After a few months, I realized that I missed the feel of working with an SLR. I missed the process of film photography. I decided that since it wasn’t nearly as expensive as investing in another DSLR, I would pick up a SLR and shoot some film, again. I did a bit of research on the Web then bought a Nikon SLR partially because I had a couple lenses for it. The camera was a Nikon N90s. I was amazed by the $70 price for an excellent condition body. I then bought a few rolls of color film locally (trustworthy film was still available in numerous stores at the time).
When I went out to shoot the camera the first time, it was Nirvana. I absolutely loved it. I had forgotten about the tactile feel of loading a roll of film into a camera, the whir of it moving through the camera body, the pleasing sound of the shutter, and the very familiar feel of operating a manual focus prime lens. I also re-experienced the anticipation of waiting for the film to be developed and the relatively careful approach to shooting that is a side effect of the cost-per-frame of film photography.
I quickly noticed that because I slowed myself down to shoot film, I was getting a much larger number of “keepers” from a 36-frame roll than any sequence of 36 frames I typically shot with a digital camera. And I was enjoying the “analogue” process more than shooting digital. I still shoot digital when the situation is right, but I’m leaning progressively more in the direction of film photography. Film photography is a different animal than digital, a different approach, a different process. It is an excellent situation that we’re in at this time in history, because we have a wider choice of photographic mediums than we had a decade and a half ago. It is always nice to have a choice.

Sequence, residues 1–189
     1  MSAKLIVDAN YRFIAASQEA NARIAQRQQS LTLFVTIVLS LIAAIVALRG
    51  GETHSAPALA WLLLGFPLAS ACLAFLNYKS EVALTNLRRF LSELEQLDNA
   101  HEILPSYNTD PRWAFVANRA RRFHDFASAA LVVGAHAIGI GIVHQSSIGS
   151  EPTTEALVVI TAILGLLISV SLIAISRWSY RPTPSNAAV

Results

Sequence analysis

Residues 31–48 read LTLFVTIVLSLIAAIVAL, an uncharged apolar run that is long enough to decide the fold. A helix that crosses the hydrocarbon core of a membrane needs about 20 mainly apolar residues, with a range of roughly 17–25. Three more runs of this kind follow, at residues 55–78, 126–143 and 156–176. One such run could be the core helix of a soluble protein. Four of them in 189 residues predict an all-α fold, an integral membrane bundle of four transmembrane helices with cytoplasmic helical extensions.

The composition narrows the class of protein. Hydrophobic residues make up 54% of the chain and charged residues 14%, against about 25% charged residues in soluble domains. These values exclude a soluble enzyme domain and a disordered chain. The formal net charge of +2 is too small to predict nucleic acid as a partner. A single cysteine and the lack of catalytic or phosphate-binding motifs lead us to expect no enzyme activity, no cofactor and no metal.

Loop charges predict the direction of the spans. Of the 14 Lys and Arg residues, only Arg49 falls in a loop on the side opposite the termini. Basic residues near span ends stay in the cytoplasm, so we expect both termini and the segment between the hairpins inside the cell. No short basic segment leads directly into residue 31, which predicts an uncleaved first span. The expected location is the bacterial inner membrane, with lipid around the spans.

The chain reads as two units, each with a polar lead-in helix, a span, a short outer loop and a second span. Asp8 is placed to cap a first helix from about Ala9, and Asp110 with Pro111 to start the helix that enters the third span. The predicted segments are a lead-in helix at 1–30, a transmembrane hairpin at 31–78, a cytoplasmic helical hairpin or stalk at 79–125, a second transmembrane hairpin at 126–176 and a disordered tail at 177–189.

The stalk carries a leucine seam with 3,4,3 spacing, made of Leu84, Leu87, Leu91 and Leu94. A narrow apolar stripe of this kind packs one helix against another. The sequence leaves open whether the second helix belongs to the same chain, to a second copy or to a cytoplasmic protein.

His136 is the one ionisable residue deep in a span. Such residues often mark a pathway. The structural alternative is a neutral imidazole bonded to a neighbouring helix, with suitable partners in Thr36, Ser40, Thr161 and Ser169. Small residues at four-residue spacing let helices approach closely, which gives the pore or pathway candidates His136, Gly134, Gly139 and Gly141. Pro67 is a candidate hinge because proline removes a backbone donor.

I find it interesting there seems to be a growing resurgence of film photography after the early doldrums of the digital age, despite the overabundance of “Film Is Dead” (FID) articles. The FID articles are the result of lazy writers. Writers who lack original ideas. FID, as is often said, is a load of crap. Film will be with us as long as we keep buying it.
Nowadays when I’m heading out to shoot and considering what camera or cameras to pack into the motorcycle’s saddlebags, I’m nearly always choosing from my small pool of film cameras. Do I want to shoot medium format or 35mm? Yashica TLR, Nikon SLR, or Yashica Rangefinder? Black and white or color or both?
The color 35mm film goes to a reliable local 1-hour processor. The black and white 35mm and 120 film gets developed at home. The color 120 and 220 is processed by a pro lab. All film is scanned at home, since the Web is my target output.
About Being An Artist
I hadn’t given much thought to being an artist until a friend called me that a few months ago. My approach to photography ignored the idea of the artist because it wasn’t relevant to me. I may be an artist, but I put little focus on it. I simply enjoy the process of photography, particularly the film process. Some of my photos are what I consider “good” or “fair”. Others are simply handy “illustrations” to augment something I write. Yet others are “documentary”, such as family photographs.